Tyler Moore

Dr. Tyler Moore

Associate Professor of Biology, College of Science and Technology

Email: tyler.moore@bellevue.edu
Twitter:  @DrTMoore

Postdoctoral Fellowship-Retroviral Immunology, National Institute of Allergy and Infectious Disease, National Institutes of Health (Hasenkrug Lab)

PhD Microbiology and Molecular Biology, University of Nebraska-Lincoln (Brown and Petro Labs)

B.S. Biology, University of Nebraska-Lincoln

Courses Taught:
Introduction to Biological Systems, Anatomy and Physiology, Genetics and Cellular Biology, Biological Investigation (I, II, III), Zoology, Developmental Biology, Immunology

Faculty sponsor of the Pre-Health Professionals Organization (contact if interested)

President of Green Bellevue Board (2023- ) (contact if you are interested in getting involved in environmental initiatives in the Bellevue area)

Teaching Philosophy: 

Science is not a collection of facts, but the process of addressing our curiosities about the natural world.  I am very interested in helping students learn to ask questions and explore the process of science concurrently with the content of each course.  I want you to learn how to become a scientist yourself, not just learn what other scientists have discovered.

Research Interests:

Innate Antiviral Signaling Pathways

Immune responses are important for controlling virus infection, but they can also cause damage to healthy tissues. We are interested in how our cells recognize viruses, determine the magnitude of the response, and terminate the immune response when the infection is cleared. See this post over a recent publication: New Mechanism of Controlling Antiviral Immune Responses.

Urban Plant Community Ecosystems

I am also interested in the ecology of interactions between plants and invertebrates. We are currently using our new 10,000 square foot native plant meadow to study how native plants contribute to campus biodiversity and to study adaptations of invertebrates in this natural setting.

We also have an ongoing collaboration with Dr. John Kyndt to study microbial changes in the soil of urban community as a result of changing land management (native plant landscapes compared to turf grass, for instance).

All research utilizes biology undergraduate students. Students will learn molecular biology, field biology, computational biology and coding, data analysis, and scientific writing when working on projects.

See the undergraduate research opportunities page for more.


(bolded names indicate undergraduate co-authors)

Freed SM, Baldi DS, Snow JA, Athen SR, Guinn ZP, Pinkerton TS, Petro TM, Moore TC. MEK/ERK MAP kinase limits poly I:C-induced antiviral gene expression in RAW264.7 macrophages by reducing interferon-beta expression. FEBS Lett. 2021 Nov;595(21):2665-2674. doi: 10.1002/1873-3468.14200. Epub 2021 Oct 11. PMID: 34591979.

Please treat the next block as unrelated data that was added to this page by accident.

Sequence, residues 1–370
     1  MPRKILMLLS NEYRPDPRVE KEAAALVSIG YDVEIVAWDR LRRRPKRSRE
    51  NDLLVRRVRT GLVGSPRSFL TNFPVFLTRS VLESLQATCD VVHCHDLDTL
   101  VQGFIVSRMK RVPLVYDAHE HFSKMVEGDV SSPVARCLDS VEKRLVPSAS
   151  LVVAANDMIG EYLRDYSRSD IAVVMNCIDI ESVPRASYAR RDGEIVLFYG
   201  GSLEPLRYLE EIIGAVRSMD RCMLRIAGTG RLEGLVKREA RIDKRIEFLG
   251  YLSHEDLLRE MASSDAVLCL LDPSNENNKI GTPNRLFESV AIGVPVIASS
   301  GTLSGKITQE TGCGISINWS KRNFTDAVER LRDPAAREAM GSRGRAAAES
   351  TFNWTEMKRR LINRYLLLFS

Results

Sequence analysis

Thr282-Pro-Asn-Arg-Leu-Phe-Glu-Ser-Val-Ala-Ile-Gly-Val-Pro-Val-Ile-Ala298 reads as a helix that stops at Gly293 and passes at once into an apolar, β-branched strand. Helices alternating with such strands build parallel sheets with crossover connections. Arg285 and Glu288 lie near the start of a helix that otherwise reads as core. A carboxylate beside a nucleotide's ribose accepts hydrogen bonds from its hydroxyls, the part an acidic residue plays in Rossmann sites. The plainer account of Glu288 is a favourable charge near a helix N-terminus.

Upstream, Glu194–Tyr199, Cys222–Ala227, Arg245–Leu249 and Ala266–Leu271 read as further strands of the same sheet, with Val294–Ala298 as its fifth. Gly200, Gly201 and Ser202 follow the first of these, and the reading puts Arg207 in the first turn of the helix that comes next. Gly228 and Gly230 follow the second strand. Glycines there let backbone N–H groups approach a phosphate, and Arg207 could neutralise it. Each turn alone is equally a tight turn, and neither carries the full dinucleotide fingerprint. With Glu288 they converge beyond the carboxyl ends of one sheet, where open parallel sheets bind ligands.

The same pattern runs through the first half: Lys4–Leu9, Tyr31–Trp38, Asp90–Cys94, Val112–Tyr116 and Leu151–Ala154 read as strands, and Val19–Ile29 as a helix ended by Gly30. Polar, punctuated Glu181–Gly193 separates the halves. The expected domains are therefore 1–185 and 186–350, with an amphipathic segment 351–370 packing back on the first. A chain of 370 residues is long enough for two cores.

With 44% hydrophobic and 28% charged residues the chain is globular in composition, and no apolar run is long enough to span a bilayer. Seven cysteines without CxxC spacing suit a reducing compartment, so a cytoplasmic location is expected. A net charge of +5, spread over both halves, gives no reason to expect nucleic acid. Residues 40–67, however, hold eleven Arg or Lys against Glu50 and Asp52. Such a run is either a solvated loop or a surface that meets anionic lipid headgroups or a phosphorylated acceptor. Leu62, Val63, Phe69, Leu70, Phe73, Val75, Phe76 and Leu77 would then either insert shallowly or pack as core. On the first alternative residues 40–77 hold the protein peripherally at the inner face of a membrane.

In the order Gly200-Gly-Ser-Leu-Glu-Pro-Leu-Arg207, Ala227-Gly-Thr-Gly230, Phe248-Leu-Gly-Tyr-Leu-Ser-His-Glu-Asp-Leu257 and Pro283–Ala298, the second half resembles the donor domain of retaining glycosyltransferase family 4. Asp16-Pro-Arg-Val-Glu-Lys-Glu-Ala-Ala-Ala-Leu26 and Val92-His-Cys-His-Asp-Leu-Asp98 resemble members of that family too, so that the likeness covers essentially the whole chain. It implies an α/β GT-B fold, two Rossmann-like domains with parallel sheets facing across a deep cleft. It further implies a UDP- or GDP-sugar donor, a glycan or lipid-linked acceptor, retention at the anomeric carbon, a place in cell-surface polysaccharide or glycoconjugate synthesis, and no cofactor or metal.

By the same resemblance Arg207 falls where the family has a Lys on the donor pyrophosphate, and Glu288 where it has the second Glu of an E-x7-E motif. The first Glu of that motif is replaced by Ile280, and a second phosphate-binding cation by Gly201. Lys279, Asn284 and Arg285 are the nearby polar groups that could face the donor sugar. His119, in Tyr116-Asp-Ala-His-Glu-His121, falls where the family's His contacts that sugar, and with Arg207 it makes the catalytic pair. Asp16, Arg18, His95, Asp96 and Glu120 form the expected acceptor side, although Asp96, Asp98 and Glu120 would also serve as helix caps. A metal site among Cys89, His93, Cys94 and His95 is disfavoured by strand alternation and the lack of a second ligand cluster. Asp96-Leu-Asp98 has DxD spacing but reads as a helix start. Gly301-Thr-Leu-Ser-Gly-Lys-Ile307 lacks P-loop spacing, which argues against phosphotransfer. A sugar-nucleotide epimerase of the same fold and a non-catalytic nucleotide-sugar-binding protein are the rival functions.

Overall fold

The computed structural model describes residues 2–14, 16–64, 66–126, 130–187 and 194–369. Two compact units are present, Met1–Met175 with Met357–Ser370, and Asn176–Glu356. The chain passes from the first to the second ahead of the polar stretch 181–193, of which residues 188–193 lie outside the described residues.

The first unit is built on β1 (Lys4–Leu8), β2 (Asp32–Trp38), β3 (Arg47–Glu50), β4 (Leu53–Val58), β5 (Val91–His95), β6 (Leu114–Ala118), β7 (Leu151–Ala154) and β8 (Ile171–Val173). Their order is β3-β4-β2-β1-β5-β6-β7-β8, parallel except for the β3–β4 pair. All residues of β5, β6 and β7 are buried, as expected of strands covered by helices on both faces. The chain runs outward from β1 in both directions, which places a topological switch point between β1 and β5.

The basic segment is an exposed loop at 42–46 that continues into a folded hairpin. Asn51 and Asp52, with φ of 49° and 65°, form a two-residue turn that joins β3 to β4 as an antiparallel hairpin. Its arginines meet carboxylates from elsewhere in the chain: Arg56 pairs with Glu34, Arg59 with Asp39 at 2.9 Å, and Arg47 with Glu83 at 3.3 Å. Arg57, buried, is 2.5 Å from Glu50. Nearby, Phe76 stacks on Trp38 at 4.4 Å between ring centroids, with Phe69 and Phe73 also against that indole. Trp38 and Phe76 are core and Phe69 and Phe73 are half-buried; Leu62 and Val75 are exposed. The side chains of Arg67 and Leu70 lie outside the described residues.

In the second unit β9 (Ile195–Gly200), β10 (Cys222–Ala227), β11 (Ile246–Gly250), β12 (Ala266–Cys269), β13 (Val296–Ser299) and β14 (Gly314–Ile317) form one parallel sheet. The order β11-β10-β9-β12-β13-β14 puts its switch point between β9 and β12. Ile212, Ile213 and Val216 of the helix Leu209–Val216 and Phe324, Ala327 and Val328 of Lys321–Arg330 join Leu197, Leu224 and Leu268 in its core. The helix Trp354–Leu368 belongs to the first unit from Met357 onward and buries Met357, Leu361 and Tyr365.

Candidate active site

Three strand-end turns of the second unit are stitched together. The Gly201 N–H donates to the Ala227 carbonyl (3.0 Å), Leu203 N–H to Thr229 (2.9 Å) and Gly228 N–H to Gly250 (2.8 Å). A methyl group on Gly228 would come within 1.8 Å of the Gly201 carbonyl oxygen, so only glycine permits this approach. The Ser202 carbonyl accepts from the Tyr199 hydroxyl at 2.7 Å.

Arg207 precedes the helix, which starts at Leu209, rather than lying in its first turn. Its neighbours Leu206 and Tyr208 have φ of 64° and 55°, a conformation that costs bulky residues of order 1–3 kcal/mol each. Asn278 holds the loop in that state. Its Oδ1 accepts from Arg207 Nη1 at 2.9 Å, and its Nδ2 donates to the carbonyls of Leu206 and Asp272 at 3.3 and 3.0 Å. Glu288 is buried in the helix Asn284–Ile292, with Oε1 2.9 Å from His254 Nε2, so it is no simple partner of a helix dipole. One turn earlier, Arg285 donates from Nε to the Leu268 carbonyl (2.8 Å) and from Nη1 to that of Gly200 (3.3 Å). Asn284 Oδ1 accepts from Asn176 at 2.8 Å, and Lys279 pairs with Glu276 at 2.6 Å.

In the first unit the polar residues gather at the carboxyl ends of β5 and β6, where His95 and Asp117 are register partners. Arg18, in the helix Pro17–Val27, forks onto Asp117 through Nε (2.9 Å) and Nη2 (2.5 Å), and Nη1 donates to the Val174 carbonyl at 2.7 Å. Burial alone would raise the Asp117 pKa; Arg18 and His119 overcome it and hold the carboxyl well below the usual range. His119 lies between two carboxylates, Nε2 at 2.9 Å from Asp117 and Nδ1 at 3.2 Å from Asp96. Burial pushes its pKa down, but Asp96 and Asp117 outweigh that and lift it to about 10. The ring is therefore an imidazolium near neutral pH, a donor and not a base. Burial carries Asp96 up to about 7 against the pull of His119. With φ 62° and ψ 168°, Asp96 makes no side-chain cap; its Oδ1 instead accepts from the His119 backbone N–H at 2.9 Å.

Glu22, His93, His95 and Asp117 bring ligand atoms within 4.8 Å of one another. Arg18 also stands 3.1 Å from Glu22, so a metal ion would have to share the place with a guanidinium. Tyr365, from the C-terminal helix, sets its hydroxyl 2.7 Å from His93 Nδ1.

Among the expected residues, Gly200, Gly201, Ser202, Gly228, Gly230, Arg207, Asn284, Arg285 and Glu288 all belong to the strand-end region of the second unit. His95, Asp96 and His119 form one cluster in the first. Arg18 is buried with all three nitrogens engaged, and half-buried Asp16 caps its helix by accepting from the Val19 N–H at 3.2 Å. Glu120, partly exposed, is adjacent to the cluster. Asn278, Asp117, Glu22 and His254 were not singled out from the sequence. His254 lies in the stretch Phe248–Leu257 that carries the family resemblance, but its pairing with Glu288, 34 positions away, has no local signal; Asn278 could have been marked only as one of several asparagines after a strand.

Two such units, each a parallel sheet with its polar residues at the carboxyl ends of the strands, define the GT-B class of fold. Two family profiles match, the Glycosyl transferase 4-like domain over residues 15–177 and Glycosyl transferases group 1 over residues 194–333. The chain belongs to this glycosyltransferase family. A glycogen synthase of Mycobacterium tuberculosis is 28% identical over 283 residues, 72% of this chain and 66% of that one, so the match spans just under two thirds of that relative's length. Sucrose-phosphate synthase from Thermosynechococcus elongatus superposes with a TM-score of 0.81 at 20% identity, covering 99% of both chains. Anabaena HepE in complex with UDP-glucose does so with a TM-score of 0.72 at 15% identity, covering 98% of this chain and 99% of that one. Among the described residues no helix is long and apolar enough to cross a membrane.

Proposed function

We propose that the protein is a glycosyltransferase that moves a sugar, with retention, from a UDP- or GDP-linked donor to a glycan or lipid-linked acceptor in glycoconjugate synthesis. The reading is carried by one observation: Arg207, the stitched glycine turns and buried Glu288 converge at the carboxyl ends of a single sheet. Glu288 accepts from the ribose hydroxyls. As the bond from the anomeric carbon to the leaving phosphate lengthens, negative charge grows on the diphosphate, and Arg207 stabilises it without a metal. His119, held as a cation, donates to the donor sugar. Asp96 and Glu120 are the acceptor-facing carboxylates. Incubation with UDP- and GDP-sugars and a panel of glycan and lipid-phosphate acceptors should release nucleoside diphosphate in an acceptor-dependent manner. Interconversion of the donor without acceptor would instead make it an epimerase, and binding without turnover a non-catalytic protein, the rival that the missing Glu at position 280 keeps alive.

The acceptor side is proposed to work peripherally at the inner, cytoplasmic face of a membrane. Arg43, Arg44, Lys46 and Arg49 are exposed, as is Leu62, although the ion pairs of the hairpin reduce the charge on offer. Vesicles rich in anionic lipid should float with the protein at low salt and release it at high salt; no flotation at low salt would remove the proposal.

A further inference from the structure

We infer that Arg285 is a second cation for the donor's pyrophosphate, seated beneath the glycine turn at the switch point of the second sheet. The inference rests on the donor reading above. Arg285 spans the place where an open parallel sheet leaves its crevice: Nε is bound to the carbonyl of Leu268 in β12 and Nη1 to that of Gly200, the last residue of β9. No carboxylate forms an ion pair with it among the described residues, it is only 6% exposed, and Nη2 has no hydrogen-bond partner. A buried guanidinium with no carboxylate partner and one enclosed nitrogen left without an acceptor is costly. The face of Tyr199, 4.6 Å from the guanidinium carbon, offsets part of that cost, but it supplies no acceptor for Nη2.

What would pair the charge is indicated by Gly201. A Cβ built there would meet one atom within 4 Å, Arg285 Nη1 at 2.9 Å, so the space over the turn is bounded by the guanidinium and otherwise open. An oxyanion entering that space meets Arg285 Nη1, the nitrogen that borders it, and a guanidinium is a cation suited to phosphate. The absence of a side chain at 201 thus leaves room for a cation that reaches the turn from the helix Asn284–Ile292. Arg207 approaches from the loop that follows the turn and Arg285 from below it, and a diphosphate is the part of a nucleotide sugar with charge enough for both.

Soll F, Ternent C, Berry IM, Kumari D, Moore TC. Quercetin Inhibits Proliferation and Induces Apoptosis of B16 Melanoma Cells In Vitro. Assay Drug Dev Technol. 2020 Aug/Sep;18(6):261-268. doi: 10.1089/adt.2020.993. Epub 2020 Aug 14. PMID: 32799543.

Moore TC, Hasenkrug KJ. B-Cell Control of Regulatory T Cells in Friend Virus Infection. J Mol Biol. 2021 Jan 8;433(1):166583. doi: 10.1016/j.jmb.2020.06.022. Epub 2020 Jun 26. PMID: 32598936.

Kyndt JA, Moore TC. Draft Whole-Genome Sequence of a Novel Chryseobacterium viscerum Strain Isolated from Fresh Water at Dripping Springs, New Mexico. Microbiol Resour Announc. 2019 Oct 10;8(41):e01155-19. doi: 10.1128/MRA.01155-19. PMID: 31601674; PMCID: PMC6787331.

Moore, T.C., Messer, R.J., Gonzaga, L.M., Mather, J.M., Carmody, A.B., Bayer, W., Littwitz-Salomon, E., Dittmer, E., Hasenkrug, K.J. (2019). Effects of Friend Virus Infection and Regulatory T cells on the Antigen Presentation Function of B cells. mBio. 10(1):e02578-18.

Moore, T.C., Messer, R.J., Hasenkrug, K.J. (2018). Regulatory T cells suppress virus-specific antibody responses to Friend retrovirus infection. PLoS ONE. 13(4):e0195402.

Moore, T.C., Gonzaga, L.M., Mather, J.M., Messer, R.J., Hasenkrug, K.J. (2017) B cell Requirement for Robust Regulatory T cell Responses to Friend Virus Infection. mBio. 8(4):e01122-17.

Van Dis, E.S., Moore, T.C., Lavender, K.J., Messer, R.J., Keppler, O.T., Verheyen, J., Dittmer, U., Hasenkrug, K.J. (2016). No SEVI-mediated enhancement of rectal HIV-1 transmission of HIV-1 in two humanized mouse cohorts. Virology. 488(1):88-95.

Hargarten, J.C., Moore, T.C., Petro, T.M., Nickerson, K.M., Atkin, A.L. (2015). Candida albicans quorum sensing molecules stimulate mouse macrophage migration. Infect Immun. 83(10):3857-64. (Spotlight article)

Moore, T.C., Vogel, A.M., Petro, T.M., and Brown, D.M. (2015). IRF3 deficiency impacts granzyme B expression and maintenance of memory T cell function in response to viral infection. Microbes Infect. 17(6):426-39.

Moore, T.C. and Petro, T.M. (2014). Interferon response factor 3 is crucial to poly-I:C induced NK cell activity and control of B16 melanoma growth. Cancer letters. 361(1):122-128.

Moore, T.C., Cody, L., Kumm, P., Brown, D.M. , and Petro, T.M. (2013). IRF3 helps control acute TMEV infection through IL-6 expression but contributes to acute hippocampus damage following TMEV infection. Virus Research. 178(2):226-233.

Moore, T.C. and Petro, T.M. (2013). IRF3 and ERK MAP-kinases control nitric oxide production from macrophages in response to poly I:C. FEBS letters. 587(18):3014–3020.

Moore, T.C., Bush, K.L., Cody, L., Brown, D.M., and Petro, T.M. (2012). Interleukin-6 control of early Theiler’s Murine Encephalomyelitis Virus replication in macrophages occurs in conjunction with STAT1 activation and nitric oxide production. J. Virol. 86(19):10841-10851.

Moore, T.C., Al-Salleeh, F.M., Brown, D.M., and Petro, T.M. (2011). IRF3 polymorphisms induce different innate anti-Theiler’s virus immune responses in RAW264.7 macrophages. Virology. 418(1):40- 48.

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